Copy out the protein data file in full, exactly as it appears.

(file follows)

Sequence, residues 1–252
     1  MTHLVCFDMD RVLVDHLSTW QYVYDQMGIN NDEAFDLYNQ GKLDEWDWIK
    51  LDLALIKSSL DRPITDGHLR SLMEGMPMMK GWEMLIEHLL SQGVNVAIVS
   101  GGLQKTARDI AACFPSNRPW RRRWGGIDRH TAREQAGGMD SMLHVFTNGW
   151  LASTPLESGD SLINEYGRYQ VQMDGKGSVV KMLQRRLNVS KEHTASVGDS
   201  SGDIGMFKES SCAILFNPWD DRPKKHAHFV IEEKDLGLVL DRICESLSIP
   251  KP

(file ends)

Sequence, residues 1–252
     1  MTHLVCFDMD RVLVDHLSTW QYVYDQMGIN NDEAFDLYNQ GKLDEWDWIK
    51  LDLALIKSSL DRPITDGHLR SLMEGMPMMK GWEMLIEHLL SQGVNVAIVS
   101  GGLQKTARDI AACFPSNRPW RRRWGGIDRH TAREQAGGMD SMLHVFTNGW
   151  LASTPLESGD SLINEYGRYQ VQMDGKGSVV KMLQRRLNVS KEHTASVGDS
   201  SGDIGMFKES SCAILFNPWD DRPKKHAHFV IEEKDLGLVL DRICESLSIP
   251  KP